LYNN — Despite a near record number of murders and a slight uptick in car thefts last year, the city’s overall crime is down, according to the Lynn Police Department.
While the murder rate tripled, crime was down in five out of seven crime categories in 2017, a 16 percent decrease.
The biggest drop came in sexual assaults. There were 33 percent fewer rapes last year compared to 2016. Thefts were off by 20 percent; burglaries down by 19 percent; assaults dropped by 15 percent; and robberies slipped by 7 percent.
Not all the news was good.
When Latrell Ayers, a 33-year-old homeless man, was stabbed to death in September, it brought the total number of murders to 12, matching the dozen in 1991. That’s the most since 1994, when there were 14 homicides, according to FBI statistics.
On Tuesday, two men were arrested and charged with the murder of 34-year-old Pedro Carrillo who was shot and killed on Curwin Circle last summer. Ernest Edwards, 36, of Quincy, and Philip Thompson, a 30-year-old Haverhill resident, will be arraigned this week in Lynn District Court.
While auto thefts increased slightly to 217 last year, up from 211 in 2016, burglaries decreased to 303 from 376, larcenies dropped to 1,108 from 1,390, and assaults fell to 1,159, down from 1,371.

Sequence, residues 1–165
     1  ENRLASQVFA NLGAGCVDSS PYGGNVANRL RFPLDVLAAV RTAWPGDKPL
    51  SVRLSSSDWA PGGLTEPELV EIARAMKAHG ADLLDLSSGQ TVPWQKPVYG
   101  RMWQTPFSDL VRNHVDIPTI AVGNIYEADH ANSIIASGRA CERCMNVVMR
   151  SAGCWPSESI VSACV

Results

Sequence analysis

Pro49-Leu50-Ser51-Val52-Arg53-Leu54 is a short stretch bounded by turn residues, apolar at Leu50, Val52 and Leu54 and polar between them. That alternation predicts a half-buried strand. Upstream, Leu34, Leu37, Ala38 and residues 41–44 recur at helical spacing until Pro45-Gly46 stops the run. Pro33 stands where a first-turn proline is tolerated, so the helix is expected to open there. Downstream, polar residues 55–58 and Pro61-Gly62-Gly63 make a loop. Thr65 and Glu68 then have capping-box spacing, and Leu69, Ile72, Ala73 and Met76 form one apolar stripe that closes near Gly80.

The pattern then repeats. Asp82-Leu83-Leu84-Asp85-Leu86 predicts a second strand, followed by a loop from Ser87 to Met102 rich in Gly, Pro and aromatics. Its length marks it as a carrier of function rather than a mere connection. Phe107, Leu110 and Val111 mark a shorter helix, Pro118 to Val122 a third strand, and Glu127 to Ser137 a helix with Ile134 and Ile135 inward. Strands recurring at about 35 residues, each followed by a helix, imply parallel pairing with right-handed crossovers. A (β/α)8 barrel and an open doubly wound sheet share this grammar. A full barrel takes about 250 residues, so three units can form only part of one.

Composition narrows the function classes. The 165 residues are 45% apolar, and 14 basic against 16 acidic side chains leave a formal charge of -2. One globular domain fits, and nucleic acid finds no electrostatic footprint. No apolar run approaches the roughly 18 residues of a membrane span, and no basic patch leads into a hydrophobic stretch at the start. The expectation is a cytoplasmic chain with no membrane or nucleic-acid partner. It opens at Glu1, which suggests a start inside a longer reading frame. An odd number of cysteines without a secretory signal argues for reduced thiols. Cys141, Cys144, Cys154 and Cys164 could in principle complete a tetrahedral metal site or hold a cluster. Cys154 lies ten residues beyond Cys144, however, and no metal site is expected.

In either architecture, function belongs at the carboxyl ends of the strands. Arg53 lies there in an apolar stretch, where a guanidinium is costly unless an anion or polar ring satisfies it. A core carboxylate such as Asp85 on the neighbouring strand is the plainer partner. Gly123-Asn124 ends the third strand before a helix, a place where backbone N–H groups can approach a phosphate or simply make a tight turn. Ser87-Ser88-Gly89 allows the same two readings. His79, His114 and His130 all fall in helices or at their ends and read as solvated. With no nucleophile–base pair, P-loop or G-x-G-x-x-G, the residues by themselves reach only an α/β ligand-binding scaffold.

“We are pleased crime is down 16 percent, that’s an extraordinary number especially given the challenges we face with the budgetary and manpower constraints we’ve had,” said Police Chief Michael Mageary. “It speaks to the work that the men and women in the department have been doing all year.”
While the murder rate tripled, Mageary said the one positive is arrests have been made in nine of 12 cases.
“Hopefully that provides some comfort to the families that we are out there catching these people,” he said. “We are always striving to do better and work with the community.”
Still, there are still some worries in the neighborhoods.
Theresa Sylvia, a lifelong East Lynn resident, said she was surprised to learn crime is down. Given the number of convenience store robberies in the last few months, she thought crime was up.
“I don’t know where crime is down,” she said. “The robberies of convenience stores are a great concern.”
Abu Sayed, the owner of Sunrise Market on Chatham Street where there were four robbies in three months last year, said he does not feel safe.
“More of a police presence is needed,” he said. “I’d like to see more police cruisers in the area keeping a lookout. The fewer the cops, the higher the crime rate.”
Lt. Michael Kmiec agrees more officers and cruisers on the street would be best.
“No one is debating that more manpower the better,” he said. “We’ve taken huge cuts with our detective and special units. With the exception of the armed robberies at the end of the year and the first part of this year, the numbers are really good.”